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Rather than expressing a view on the issues raised and ably briefed by the parties, amicus submits this brief to inform the Court of the scholarly research she has conducted regarding Section 1782 proceedings since this Court’s seminal decision in Intel. As Section 1782 applications have proliferated, the lower courts have struggled to apply the Intel factors as this Court had envisioned. Especially in the context of Section 1782 applications submitted by parties to an international proceeding (as opposed to those made by the international tribunal itself), lower courts have frequently found themselves unable to analyze and apply the Intel factors. Because applicants often do not notify the international tribunals or the other parties to the international proceedings of their application, the federal courts tasked with adjudicating those applications are unable to conduct an informed assessment of the critical Intel factors addressing whether the international tribunal is receptive to discovery assistance from U.S. courts or whether the request is an effort to circumvent discovery restrictions in the international proceeding. That lack of information is exacerbated by many courts’ practice of placing the burden of proof on the Section 1782 target who is resisting discovery, rather than the applicant. Typically, the discovery target is a nonparty to the international proceeding and is thus poorly positioned or completely unable to provide the information necessary for the lower court’s assessment of the Intel factors.

These practical problems can be solved by two simple clarifications from this Court. First, the Court should clarify that Section 1782 applicants must notify in advance the discovery target, all parties, and all tribunals involved in the international proceedings in which the requested evidence is to be used. Second, the Court should clarify that the Section 1782 applicant bears the burden of proof to establish that the request should be granted under the Intel factors. Both of these requirements are clearly within the Court’s authority, and both are fully consistent with the Federal Rules’ approach to domestic discovery.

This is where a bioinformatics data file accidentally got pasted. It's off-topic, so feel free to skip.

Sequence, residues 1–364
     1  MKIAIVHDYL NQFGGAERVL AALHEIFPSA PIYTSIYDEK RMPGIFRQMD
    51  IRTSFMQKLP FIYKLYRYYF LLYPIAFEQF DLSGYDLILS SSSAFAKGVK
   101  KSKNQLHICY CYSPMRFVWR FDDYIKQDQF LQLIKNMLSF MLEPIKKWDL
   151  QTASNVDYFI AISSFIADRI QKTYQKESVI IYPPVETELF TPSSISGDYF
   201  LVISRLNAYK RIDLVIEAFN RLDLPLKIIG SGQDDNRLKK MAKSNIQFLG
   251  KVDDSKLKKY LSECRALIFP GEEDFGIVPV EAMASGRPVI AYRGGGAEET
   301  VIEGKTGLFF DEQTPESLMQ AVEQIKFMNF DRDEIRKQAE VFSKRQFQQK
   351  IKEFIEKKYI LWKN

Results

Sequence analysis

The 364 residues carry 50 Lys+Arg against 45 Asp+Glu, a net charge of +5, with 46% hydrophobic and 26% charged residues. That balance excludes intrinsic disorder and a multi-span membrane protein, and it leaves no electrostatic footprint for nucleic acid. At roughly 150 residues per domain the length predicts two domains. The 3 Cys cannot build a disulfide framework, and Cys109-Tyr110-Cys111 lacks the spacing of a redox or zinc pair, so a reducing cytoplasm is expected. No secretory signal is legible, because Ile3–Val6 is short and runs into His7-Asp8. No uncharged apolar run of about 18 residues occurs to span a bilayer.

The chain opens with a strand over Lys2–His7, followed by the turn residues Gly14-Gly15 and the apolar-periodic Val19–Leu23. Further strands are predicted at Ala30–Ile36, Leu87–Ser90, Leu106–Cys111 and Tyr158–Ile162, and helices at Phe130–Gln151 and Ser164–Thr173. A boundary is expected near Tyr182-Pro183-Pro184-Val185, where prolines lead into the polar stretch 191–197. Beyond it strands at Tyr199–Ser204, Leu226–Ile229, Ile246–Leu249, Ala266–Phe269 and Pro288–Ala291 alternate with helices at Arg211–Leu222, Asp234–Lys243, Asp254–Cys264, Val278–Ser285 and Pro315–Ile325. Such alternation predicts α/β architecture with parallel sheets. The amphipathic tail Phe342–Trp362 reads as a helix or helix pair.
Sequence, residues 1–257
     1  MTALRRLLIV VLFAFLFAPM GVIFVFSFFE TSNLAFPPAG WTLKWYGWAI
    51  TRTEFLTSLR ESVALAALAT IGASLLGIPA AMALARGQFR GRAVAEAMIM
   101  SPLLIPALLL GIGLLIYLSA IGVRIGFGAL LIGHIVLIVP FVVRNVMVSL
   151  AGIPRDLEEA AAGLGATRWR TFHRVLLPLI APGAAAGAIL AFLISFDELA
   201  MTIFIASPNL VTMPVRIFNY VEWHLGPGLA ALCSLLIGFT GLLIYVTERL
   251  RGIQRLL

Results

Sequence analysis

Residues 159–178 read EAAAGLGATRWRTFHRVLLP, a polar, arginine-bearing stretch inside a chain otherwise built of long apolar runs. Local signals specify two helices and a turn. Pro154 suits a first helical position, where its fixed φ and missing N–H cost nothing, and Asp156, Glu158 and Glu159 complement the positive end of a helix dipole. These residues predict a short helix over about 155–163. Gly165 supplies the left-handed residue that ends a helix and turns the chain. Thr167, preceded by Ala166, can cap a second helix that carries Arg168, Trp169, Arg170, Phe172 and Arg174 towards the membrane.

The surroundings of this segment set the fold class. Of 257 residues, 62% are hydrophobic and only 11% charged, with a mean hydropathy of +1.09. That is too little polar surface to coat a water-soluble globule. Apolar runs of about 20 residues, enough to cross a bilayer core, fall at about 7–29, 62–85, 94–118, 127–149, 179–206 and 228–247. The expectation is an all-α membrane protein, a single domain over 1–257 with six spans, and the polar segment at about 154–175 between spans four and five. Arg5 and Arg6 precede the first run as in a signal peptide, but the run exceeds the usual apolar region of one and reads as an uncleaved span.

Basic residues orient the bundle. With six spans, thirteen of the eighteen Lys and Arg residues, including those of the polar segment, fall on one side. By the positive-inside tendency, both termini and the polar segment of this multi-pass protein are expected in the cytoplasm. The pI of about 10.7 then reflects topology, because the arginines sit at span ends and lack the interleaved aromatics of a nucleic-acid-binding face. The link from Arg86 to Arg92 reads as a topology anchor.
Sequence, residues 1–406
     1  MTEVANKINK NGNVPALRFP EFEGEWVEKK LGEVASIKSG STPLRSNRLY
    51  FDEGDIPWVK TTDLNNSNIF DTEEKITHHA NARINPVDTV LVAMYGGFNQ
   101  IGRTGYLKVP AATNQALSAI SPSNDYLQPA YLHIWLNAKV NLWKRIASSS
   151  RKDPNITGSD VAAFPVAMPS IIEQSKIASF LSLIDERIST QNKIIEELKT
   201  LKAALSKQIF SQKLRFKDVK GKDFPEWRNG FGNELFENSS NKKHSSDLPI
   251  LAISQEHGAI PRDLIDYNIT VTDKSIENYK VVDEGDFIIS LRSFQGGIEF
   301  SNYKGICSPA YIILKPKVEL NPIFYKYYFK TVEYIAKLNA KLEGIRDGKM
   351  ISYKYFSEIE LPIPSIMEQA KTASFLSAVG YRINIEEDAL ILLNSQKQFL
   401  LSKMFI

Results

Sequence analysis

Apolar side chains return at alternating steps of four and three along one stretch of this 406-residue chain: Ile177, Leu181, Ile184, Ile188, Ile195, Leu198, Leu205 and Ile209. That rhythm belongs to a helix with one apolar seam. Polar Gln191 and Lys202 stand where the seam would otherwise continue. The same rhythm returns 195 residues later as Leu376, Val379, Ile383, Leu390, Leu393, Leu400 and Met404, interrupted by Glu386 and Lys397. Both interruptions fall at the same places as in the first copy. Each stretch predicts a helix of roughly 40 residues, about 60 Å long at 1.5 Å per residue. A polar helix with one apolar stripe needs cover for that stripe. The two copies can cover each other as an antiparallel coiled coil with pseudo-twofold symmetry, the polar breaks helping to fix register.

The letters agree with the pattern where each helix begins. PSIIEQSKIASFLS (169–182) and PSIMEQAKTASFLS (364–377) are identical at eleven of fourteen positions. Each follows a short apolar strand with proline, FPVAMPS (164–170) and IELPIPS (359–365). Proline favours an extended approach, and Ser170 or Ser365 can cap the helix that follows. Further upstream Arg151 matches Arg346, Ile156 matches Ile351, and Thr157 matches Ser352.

Moreover, those two clarifications would resolve many of the policy concerns that appear to animate lower court decisions that have excluded international commercial arbitrations from Section 1782’s reach. By ensuring that discovery targets, the opposing parties, and the international tribunals are notified in advance and have an opportunity to express their views on a Section 1782 application, district courts will be able to deny those applications where the international tribunal itself is not receptive to U.S. discovery. And by placing the burden on the party requesting the discovery, the analysis would weed out weak or abusive applications that might currently be granted simply because some lower courts currently place the burden on a nonparty from whom discovery is sought—who is in a particularly weak position to provide the information required to conduct the Intel analysis.

Ultimately, this approach—of clarifying the Intel factors to require notice and properly placing the burden on the applicant—is a far preferable way to prevent misuse of Section 1782 than drawing an artificial and ill-defined line between “public” and “private” arbitrations. Indeed, that line does not stand up to the reality of modern international arbitration. On the contrary, because virtually all international arbitration is conducted within the framework of international treaties or other intergovernmental agreements, the line between “public” and “private” arbitral proceedings is an illusory one. Any effort to articulate such a line would illogically exclude many commercial arbitrations from Section 1782’s reach while leaving materially indistinguishable proceedings—such as investor-state arbitrations—within the statute’s bounds. The more logical and practical approach, in light of the years of experience since Intel, is to clarify and strengthen the Intel analysis for all Section 1782 proceedings.


Civil procedure, transnational litigation, private international law, public international law, discovery, evidence, international arbitration, Supreme Court of the United States, SCOTUS, Intel Corp. v. Advanced Medical Devices, Inc., 28 U.S.C. § 1782